United States District Court, E.D. Kentucky, Southern Division, London
MEMORANDUM OPINION AND ORDER
Gregory F. Van Tatenhove United States District Judge
Andrew Arroyo, Jr., is an inmate at the United States
Penitentiary - McCreary in Pine Knot, Kentucky. Proceeding
without an attorney, Arroyo filed a petition for a writ of
habeas corpus pursuant to 28 U.S.C. § 2241. [R. 1, 7.]
For the reasons set forth below, the Court will deny
2006, Arroyo pled guilty to conspiracy to possess with the
intent to distribute a controlled substance in violation of
21 U.S.C. §§ 841 and 846. See United States v.
Arroyo, No. 3:06-cr-479-PRM (W.D. Tex. 2006). The United
States District Court for the Western District of Texas
determined that Arroyo was a career offender pursuant to
section 4B1.1 of the United States Sentencing Guidelines
because he had at least two prior felony convictions for
either a crime of violence or a controlled substance offense.
Ultimately, the trial court sentenced Arroyo to 210 months in
prison. [See Id. at R. 73.]
Arroyo did not file a direct appeal, he did move to vacate,
set aside, or correct his sentence pursuant to 28 U.S.C.
§ 2255. [See Id. at R. 74.] However, the
district court denied that motion, [see Id. at R.
95], as well as other motions Arroyo filed seeking a
reduction in his sentence. [See Id. at R. 100, 131.]
has now filed a § 2241 petition with this Court. Arroyo
appears to be arguing that, in light of the Supreme
Court's decision in Mathis v. United States, 136
S.Ct. 2243 (2016), his prior felony convictions are no longer
valid predicate offenses to subject him to the
career-offender enhancement under the sentencing guidelines.
Indeed, Arroyo cites Mathis and argues that two of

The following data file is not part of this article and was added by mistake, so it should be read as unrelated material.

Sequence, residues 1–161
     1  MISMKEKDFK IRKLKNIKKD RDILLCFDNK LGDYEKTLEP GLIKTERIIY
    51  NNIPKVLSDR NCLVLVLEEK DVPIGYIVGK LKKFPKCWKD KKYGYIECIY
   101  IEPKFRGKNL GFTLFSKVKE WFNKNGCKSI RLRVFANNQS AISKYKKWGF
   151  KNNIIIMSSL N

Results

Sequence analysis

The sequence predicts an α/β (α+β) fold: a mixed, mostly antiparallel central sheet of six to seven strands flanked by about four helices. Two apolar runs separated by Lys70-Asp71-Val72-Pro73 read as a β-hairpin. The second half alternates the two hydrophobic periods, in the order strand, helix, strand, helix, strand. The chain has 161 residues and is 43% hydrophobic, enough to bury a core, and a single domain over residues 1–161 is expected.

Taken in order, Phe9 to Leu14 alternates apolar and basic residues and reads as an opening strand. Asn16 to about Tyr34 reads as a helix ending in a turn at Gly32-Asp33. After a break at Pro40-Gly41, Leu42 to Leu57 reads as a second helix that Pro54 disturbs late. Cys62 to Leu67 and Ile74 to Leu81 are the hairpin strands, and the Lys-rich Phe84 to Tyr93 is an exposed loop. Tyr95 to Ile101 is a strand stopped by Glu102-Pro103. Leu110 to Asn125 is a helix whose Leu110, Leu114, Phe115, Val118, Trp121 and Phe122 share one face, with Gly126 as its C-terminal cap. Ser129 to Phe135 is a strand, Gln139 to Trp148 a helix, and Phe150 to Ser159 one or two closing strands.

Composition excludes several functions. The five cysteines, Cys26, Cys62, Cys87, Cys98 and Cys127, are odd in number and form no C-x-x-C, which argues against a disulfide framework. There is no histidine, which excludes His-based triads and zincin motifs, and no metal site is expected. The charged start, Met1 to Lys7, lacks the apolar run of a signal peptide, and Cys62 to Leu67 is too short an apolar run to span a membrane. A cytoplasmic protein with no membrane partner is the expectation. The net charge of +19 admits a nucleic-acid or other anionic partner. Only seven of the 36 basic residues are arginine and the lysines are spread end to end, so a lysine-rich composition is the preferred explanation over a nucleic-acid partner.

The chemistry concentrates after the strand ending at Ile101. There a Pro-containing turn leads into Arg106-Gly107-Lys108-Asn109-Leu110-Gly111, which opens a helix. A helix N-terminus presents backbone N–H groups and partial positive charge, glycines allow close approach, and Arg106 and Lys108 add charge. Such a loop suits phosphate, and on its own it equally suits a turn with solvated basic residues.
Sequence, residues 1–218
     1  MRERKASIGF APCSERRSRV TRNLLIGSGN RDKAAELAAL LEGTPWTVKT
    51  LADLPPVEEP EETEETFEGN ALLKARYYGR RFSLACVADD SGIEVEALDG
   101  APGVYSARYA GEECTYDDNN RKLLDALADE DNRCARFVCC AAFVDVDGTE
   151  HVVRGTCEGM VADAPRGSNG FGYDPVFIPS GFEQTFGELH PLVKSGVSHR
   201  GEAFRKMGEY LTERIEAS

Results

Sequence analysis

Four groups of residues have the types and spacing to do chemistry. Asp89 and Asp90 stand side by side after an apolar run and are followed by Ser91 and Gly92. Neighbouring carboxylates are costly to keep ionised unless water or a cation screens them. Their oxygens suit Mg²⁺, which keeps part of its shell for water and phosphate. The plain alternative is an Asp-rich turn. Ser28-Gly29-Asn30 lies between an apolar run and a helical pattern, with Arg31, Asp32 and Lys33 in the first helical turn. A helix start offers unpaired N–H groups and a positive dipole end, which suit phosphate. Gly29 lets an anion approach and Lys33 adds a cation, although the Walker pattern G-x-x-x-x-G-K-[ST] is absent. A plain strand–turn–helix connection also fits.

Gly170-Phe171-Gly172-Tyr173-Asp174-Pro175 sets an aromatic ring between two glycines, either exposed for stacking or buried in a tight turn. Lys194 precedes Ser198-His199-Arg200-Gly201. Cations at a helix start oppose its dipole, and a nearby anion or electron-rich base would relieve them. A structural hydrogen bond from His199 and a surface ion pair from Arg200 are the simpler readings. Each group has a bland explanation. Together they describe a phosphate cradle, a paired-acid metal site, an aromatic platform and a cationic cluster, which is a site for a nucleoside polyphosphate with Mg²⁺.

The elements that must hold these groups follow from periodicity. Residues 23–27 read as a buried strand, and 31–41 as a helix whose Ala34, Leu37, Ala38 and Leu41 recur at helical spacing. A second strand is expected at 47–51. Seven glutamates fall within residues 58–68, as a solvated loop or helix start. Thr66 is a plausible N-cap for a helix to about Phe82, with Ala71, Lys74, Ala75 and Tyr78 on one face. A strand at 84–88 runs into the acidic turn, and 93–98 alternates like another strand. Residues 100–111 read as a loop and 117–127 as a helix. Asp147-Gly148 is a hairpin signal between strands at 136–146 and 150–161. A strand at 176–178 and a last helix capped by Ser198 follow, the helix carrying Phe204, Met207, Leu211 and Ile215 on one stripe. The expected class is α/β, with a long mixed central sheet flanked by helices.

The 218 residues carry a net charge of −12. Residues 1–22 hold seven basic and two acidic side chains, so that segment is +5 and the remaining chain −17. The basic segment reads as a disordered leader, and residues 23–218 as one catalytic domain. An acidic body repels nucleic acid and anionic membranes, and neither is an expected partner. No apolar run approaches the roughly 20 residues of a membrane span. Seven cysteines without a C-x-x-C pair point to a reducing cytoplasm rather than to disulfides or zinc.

his “prior offenses are no longer a categorical match
for a ‘crime of violence'” and thus he
“is actually innocent of the career offender
enhancement.” [R. 7 at 2.]
§ 2241 petition, however, is an impermissible collateral
attack on his sentence. That is because while a federal
prisoner may challenge the legality of his sentence in a
§ 2255 motion, he generally may not do so in a §
2241 petition. See United States v. Peterman, 249
F.3d 458, 461 (6th Cir. 2001) (explaining the distinction
between a § 2255 motion and a § 2241 petition).
After all, a § 2241 petition does not function as an
additional or alternative remedy to the one available under
§ 2255. Hernandez v. Lamanna, 16 F. App'x
317, 360 (6th Cir. 2001). Instead, a § 2241 petition is
usually only a vehicle for challenges to actions taken by
prison officials that affect the manner in which the
prisoner's sentence is being carried out, such as
computing sentence credits or determining parole eligibility.
See Terrell v. United States, 564 F.3d 442, 447 (6th
Cir. 2009). Simply put, Arroyo cannot use a § 2241
petition as a way of challenging his sentence.
nevertheless argues that § 2255(e)'s savings clause
permits him to attack his sentence in a § 2241 petition
[R. 1 at 5], and it appears that he is trying to rely on the
Sixth Circuit's decision in Hill v. Masters, 836
F.3d 591 (6th Cir. 2016), to support his position. [R. 7 at
2.] But Arroyo's argument is off base. To be sure, the
Sixth Circuit has said that “the so-called savings
clause of section 2255 provides that if section 2255 is
inadequate or ineffective to test the legality of his
detention, . . . then a federal prisoner may also challenge
the validity of his conviction or sentence under §
2241.” Bess v. Walton, 468 F. App'x 588,
589 (6th Cir. 2012) (internal citations and quotation marks
omitted). Then, in Hill v. Masters, 836 F.3d 591
(6th Cir. 2016), the Sixth Circuit explained the
circumstances under which a prisoner may challenge a sentence
enhancement in a § 2241 petition. However, in doing so,
the Sixth Circuit expressly limited those circumstances to
a narrow subset of § 2241 petitions: (1) prisoners who
were sentenced under the mandatory guidelines regime
pre-United States v. Booker, 543 U.S. 220 . . .
(2005), (2) who were foreclosed from filing a successive
petition under § 2255, and (3) when a subsequent,
retroactive change in statutory interpretation by the Supreme
Court reveals that a previous conviction is not a predicate
offense for a career-offender enhancement.
Hill, 836 F.3d at 599-600.
circumstances do not apply in this case. After all, the trial
court sentenced Arroyo in October 2006, well after the
Supreme Court decided Booker and held that the
sentencing guidelines were advisory. Therefore, Arroyo's
argument regarding § 2255(e)'s savings clause and
his reliance on Hill are simply unavailing.
IT IS ORDERED that:
Arroyo's petition for a writ of habeas corpus pursuant to
28 U.S.C. § 2241 [R. 1, 7] is DENIED.
This action is DISMISSED and STRICKEN from the ...